at that favorably. There's two other things that were very constructive. We separated from China, which was down 6% overnight. Futures were down quite

a bit in the middle of the night, and they rallied to the plus side before the opening.

And even though oil gave up close to half of its gains during the last two hours of the day, stocks closed near their eyes of the day. So if we can

also separate from oil a little bit and not be so dependent on it tick to tick, that would be very positive.


LAKE: Yes, Tim, I want to ask you, a lot of people are slightly confused about we are -- why we are seeing this tandem move for oil and stocks. It's

not usually the case. Is there something different going on now? Why do you think these two markets seem so linked?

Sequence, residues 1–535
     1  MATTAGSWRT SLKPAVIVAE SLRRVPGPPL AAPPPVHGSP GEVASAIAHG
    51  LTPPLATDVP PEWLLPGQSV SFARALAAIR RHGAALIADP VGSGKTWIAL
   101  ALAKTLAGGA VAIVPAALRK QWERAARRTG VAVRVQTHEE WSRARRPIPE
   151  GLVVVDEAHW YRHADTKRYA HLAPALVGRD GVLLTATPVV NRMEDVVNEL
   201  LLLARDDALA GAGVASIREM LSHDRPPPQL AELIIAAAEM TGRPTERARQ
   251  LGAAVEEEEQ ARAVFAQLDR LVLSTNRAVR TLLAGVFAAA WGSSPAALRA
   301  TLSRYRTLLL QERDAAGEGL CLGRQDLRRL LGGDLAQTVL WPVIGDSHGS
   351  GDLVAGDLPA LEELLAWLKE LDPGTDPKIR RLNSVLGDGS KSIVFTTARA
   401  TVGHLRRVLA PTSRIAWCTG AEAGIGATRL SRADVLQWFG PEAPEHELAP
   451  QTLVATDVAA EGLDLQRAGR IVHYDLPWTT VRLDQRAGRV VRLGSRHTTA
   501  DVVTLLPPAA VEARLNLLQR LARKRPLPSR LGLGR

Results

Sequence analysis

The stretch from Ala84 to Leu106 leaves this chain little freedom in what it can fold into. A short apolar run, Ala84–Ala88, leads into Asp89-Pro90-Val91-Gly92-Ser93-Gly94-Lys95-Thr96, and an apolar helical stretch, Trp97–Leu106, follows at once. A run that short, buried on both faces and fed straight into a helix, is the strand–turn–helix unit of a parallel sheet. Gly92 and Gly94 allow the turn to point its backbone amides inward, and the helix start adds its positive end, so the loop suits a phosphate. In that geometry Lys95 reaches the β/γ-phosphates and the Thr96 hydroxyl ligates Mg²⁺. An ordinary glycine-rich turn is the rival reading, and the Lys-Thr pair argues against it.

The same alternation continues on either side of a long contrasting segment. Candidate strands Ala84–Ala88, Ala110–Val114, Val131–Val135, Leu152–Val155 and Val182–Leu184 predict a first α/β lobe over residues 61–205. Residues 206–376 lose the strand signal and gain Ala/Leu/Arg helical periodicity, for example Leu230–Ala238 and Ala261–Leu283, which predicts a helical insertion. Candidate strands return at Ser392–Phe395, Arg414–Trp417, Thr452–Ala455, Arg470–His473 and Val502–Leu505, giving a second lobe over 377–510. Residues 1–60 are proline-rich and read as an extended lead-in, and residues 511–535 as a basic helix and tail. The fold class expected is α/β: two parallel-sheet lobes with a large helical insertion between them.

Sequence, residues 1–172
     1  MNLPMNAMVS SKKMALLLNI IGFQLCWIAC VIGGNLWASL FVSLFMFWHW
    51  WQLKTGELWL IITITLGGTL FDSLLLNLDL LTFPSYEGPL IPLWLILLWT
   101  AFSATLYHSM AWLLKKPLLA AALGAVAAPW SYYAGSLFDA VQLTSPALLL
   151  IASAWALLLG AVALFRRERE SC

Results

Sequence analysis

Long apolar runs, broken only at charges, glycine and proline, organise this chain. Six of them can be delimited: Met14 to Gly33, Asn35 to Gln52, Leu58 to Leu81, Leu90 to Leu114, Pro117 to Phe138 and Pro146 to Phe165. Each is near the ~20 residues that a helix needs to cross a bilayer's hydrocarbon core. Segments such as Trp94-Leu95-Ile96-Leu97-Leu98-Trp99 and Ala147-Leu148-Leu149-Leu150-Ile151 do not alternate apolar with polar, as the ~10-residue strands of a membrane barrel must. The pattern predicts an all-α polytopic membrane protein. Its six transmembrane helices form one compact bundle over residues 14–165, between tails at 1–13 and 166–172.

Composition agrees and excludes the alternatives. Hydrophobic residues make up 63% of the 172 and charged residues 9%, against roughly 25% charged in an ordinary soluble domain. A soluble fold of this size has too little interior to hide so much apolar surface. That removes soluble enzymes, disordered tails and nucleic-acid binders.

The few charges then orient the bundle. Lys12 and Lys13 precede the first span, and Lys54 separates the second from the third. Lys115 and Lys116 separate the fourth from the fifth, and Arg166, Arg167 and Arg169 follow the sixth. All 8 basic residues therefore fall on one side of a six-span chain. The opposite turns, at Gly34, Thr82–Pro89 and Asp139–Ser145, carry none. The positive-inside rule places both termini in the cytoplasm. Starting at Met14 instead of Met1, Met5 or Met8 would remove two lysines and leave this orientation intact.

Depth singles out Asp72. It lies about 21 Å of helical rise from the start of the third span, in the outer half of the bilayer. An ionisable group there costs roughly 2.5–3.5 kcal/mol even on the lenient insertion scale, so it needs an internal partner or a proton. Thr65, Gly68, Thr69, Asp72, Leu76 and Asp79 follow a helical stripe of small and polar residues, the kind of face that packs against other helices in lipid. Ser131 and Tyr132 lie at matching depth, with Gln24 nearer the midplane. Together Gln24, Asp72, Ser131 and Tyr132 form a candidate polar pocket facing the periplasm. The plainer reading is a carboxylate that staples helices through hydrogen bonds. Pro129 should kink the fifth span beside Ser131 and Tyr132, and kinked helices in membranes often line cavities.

ANDERSON: You know I just think there's a tremendous amount of uncertainty as to -- as to what effect on the global economy a sub-30 dollar oil would



ANDERSON: Now if we could stabilize, we closed a little bit above 32, that's kind of around where we were at Friday's close. If we could maybe

trade in this 32, 35 range for a week, take away a little bit of the volatility, let stocks maybe kind of trade on their own within that range

of oil, that would be very positive. I think also there's a tremendous amount of algorithm investors that must have oil in their algorithm and it

affects how aggressive they are on the buy side, on the sell side.


LAKE: Absolutely and that's a discussion that's going to continue. There's a lot of talk about where those high frequency or computer traders are

playing and whether they are distorting commodities and it's not just oil.

Tim I want to ask you, we mentioned in the lead-up that usually stocks pay attention to fundamentals, to - or monetary policy. We've got a lot of

earnings coming out after the close here, including Apple. What's your sense of the earnings period and what we're going to hear from companies?

ANDERSON: Well, I think that certainly it's going to get a tremendous focus. There's going to be some positive reports and there's going to be